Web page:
Brett Neveu’s latest creation, “Megacosm,” is every bit as hilarious and disturbing as you’d expect. Back from LA for a brief interlude, Neveu lovingly dishes up a black comedy soaked in existential terror. The message is abundantly clear: the relentless corporate greed now ruling the roost is overthrowing every last vestige of freedom we have. Should we be concerned about the evil plots cooked up by corporate America’s despots behind closed doors? Hell to the yes, Neveu warns us.
Of course the entire plot is symbolic, and that’s the fun part. The battle of wills between Chris (Larry Grimm) and Britt (Danny McCarthy) is entertaining, and the “product” they are fighting over is even more bizarre. Chris has created a small group of miniscule human beings that he stores in a tiny box, and Britt salivates over the idea of stealing Chris’s formula to overthrow the world into chaos. Performances from these Red Orchid ensemble Equity actors are delivered with explosive, ironic precision, and Sam (David Steiger) contributes robust acting support portraying a malformed employee. The audience devours every second of this witty, yet unemotional humor.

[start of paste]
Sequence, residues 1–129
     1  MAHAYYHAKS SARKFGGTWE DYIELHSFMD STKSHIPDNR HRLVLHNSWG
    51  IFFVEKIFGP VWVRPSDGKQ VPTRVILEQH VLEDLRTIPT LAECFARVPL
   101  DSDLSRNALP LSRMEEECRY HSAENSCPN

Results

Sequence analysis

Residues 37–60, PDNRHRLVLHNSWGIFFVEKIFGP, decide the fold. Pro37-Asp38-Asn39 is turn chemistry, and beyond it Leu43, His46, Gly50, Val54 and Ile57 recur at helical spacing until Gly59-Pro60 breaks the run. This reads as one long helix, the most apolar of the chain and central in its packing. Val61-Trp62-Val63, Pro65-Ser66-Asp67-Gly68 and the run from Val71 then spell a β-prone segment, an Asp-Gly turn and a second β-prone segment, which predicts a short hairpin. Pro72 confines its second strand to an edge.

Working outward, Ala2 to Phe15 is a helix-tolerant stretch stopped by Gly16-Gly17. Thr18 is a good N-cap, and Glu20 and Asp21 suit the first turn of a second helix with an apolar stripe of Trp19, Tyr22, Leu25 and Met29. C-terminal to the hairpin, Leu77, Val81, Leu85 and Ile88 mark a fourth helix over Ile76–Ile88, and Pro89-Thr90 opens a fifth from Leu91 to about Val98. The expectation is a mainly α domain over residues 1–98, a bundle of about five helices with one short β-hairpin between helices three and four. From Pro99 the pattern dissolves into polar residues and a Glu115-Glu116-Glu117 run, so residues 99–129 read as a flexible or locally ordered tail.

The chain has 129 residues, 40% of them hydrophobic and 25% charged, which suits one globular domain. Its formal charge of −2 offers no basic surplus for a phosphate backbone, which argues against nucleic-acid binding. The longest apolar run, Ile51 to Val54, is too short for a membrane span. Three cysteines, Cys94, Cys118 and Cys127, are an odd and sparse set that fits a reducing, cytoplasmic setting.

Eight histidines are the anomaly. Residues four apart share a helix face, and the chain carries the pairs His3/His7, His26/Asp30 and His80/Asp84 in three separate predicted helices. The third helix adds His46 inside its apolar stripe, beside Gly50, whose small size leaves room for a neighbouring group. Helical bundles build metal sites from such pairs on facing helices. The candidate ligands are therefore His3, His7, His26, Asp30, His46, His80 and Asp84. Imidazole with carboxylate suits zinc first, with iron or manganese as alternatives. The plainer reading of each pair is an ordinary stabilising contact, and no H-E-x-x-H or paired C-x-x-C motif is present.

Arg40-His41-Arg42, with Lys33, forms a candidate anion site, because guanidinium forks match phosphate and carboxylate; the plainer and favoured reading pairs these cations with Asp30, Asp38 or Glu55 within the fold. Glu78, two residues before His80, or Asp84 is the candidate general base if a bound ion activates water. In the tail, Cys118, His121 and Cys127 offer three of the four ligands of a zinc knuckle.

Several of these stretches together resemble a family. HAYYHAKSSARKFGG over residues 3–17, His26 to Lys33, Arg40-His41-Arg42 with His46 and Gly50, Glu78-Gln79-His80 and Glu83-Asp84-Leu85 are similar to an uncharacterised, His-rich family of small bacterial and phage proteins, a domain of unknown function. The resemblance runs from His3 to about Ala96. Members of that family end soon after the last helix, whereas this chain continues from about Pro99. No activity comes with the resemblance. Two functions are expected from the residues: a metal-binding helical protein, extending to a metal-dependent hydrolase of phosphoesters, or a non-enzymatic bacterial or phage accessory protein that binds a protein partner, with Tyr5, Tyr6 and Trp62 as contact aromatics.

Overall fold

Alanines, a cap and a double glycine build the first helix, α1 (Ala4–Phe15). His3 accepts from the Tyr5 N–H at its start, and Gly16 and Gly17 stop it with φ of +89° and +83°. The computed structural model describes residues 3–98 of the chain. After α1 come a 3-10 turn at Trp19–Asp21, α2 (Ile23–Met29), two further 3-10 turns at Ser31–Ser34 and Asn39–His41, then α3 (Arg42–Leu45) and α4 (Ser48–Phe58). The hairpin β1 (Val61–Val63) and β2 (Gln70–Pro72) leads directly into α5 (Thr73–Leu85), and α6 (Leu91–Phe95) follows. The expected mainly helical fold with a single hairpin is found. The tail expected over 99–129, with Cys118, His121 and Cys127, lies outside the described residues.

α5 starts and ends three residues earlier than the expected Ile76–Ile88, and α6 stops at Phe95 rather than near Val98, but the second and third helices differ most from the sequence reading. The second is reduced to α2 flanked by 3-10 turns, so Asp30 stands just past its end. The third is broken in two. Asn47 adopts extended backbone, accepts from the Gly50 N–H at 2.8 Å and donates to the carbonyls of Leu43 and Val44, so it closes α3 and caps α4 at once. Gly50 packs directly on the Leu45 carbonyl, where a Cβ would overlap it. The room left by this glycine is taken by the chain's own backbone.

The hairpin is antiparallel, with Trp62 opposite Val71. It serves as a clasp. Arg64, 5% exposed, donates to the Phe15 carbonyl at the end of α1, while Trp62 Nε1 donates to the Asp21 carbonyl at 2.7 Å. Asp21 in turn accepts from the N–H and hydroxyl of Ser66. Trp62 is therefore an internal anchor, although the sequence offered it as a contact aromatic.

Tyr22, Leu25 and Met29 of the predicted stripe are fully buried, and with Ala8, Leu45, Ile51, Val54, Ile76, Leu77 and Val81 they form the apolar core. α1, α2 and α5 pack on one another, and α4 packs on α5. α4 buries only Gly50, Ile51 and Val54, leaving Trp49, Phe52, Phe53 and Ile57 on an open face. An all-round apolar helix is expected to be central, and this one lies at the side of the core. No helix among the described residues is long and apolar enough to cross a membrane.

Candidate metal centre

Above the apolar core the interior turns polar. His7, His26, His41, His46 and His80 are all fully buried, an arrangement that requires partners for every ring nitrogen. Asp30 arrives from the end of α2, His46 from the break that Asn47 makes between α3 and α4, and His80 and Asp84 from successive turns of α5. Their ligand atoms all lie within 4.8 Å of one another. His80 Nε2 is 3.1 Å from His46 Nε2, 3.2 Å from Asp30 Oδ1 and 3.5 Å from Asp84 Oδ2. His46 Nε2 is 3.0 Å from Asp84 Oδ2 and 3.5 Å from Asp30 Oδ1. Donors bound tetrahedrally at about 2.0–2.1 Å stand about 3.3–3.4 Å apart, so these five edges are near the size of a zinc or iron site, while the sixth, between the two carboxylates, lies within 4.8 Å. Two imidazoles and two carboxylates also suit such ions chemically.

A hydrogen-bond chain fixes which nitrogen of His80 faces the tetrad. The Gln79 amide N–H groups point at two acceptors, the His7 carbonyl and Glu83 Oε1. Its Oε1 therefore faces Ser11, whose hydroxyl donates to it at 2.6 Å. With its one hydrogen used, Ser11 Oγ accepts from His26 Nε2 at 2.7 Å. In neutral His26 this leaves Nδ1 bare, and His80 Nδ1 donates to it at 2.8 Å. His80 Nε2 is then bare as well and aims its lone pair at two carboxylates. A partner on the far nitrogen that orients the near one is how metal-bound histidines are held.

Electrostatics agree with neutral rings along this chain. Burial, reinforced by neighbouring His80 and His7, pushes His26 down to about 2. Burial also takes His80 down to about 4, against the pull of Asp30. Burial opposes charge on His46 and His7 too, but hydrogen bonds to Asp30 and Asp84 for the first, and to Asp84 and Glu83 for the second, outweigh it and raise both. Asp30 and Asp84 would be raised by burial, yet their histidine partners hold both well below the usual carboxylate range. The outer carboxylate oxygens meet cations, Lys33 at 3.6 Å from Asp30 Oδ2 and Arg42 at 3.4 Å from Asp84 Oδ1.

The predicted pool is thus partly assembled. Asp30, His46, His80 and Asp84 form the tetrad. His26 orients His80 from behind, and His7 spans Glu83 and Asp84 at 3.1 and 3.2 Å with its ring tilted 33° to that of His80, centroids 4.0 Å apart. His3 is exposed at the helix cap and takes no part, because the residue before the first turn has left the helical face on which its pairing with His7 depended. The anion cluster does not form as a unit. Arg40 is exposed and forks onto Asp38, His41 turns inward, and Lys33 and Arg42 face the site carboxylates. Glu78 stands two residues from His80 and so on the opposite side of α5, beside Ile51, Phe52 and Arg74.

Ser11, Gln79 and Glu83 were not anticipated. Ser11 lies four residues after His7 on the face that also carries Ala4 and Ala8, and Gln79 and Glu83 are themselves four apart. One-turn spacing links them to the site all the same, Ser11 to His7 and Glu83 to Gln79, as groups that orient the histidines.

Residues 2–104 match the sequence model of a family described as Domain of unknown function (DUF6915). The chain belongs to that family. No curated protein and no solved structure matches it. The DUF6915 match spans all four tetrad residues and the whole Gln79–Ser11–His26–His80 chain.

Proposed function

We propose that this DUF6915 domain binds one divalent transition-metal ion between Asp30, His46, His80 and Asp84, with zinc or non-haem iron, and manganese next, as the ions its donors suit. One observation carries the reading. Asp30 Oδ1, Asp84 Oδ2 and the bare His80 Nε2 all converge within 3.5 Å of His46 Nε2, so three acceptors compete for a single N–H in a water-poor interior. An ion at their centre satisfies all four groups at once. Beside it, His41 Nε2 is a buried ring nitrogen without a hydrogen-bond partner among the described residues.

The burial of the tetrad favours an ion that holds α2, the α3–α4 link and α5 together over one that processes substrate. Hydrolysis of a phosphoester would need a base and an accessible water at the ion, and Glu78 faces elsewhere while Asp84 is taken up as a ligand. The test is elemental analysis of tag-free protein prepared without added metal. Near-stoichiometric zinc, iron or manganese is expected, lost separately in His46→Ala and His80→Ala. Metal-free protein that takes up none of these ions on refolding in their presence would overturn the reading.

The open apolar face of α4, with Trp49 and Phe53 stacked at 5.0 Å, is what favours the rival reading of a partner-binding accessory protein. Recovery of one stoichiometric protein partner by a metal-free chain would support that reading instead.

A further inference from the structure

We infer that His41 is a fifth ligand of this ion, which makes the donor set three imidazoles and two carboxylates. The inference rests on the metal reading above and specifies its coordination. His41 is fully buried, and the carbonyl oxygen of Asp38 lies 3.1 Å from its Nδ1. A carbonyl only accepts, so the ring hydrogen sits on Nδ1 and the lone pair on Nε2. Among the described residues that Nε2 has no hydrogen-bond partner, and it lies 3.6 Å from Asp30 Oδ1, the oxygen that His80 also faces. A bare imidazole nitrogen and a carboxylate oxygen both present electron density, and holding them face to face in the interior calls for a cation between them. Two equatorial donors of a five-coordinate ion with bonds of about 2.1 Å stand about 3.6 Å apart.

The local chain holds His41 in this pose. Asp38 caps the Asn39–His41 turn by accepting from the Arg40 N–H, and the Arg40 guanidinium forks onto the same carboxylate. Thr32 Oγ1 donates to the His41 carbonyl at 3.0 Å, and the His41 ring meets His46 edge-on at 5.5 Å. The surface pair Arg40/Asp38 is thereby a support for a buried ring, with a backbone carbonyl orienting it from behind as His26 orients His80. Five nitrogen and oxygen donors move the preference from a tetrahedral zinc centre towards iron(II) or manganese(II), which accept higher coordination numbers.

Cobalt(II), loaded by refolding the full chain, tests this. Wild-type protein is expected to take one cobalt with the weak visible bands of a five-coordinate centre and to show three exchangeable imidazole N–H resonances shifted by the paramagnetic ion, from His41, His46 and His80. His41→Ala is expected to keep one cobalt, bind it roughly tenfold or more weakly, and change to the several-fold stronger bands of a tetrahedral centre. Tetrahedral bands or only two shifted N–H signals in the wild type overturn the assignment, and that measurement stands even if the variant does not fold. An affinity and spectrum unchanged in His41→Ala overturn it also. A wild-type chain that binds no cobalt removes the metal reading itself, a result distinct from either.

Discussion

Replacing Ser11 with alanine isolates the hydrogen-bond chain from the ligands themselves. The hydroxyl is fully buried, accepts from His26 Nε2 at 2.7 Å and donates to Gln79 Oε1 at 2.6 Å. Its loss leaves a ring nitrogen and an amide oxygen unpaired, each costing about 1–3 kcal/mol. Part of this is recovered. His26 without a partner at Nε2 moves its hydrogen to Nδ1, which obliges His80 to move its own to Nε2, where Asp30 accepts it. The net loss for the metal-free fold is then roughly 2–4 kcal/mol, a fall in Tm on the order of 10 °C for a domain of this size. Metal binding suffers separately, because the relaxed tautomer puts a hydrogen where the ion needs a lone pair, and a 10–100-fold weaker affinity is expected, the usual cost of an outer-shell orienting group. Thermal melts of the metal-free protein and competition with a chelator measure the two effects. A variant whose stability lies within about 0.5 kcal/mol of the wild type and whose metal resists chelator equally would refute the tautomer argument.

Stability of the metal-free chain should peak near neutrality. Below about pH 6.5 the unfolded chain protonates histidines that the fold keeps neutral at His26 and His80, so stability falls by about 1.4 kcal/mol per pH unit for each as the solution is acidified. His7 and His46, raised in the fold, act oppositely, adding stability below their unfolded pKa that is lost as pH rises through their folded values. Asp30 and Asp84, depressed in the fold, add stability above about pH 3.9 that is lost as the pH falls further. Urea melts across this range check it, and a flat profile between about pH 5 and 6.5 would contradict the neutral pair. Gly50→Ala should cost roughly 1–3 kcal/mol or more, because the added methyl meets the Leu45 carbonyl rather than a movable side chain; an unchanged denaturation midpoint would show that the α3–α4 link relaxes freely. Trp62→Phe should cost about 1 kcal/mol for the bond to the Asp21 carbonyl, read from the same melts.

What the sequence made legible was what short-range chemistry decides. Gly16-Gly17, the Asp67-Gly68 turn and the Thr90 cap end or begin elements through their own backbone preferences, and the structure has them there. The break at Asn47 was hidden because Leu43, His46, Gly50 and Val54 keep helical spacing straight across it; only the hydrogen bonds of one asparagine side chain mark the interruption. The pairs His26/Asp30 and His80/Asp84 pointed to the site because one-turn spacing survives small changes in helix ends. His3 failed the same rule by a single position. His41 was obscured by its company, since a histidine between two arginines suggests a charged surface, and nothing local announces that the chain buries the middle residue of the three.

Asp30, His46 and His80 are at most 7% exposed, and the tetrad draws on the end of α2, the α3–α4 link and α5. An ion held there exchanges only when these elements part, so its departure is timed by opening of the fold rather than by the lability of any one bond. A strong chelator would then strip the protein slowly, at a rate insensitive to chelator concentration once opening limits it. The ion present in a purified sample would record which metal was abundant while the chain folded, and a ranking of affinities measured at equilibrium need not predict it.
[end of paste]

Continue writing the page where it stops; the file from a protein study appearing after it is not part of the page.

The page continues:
The show climaxes with the entrance of 9-year-old precocious performer Eden Strong, who creates the memorable character of Carol, one of the protestors who as a result of a corporate experiment gone bad, has been reversed from adulthood to childlike form. Strong’s moxie holds its own against theses heavyweight actors, and her willful charm acts as a well-tuned comic balancing point.
Evil greed vs. the underdog is a familiar theme, but Neveu creates an updated version of the story that is just so very 2012. References to riots and the world teetering on the nefarious decisions of a tiny but powerful minority resound with an audience now accustomed to the continuing battle between the 1 percent and 99 percent.